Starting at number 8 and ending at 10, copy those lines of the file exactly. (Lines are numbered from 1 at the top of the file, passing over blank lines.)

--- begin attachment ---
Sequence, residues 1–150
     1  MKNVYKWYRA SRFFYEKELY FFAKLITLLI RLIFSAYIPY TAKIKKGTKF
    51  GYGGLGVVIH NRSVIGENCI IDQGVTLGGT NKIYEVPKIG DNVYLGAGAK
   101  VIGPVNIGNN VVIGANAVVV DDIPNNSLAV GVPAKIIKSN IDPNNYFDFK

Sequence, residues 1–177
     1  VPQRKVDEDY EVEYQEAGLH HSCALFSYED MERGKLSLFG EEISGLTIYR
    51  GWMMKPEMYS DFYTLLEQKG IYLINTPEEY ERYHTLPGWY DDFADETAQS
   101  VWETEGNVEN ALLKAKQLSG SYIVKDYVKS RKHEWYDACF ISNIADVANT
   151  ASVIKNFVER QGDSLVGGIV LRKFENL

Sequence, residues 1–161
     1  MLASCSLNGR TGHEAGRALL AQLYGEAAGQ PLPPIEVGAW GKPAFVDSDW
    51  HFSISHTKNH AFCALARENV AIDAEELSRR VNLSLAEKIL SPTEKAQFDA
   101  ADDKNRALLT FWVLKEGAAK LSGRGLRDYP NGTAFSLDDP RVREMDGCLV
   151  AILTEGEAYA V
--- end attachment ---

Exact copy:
   101  VWETEGNVEN ALLKAKQLSG SYIVKDYVKS RKHEWYDACF ISNIADVANT
   151  ASVIKNFVER QGDSLVGGIV LRKFENL

Sequence, residues 1–161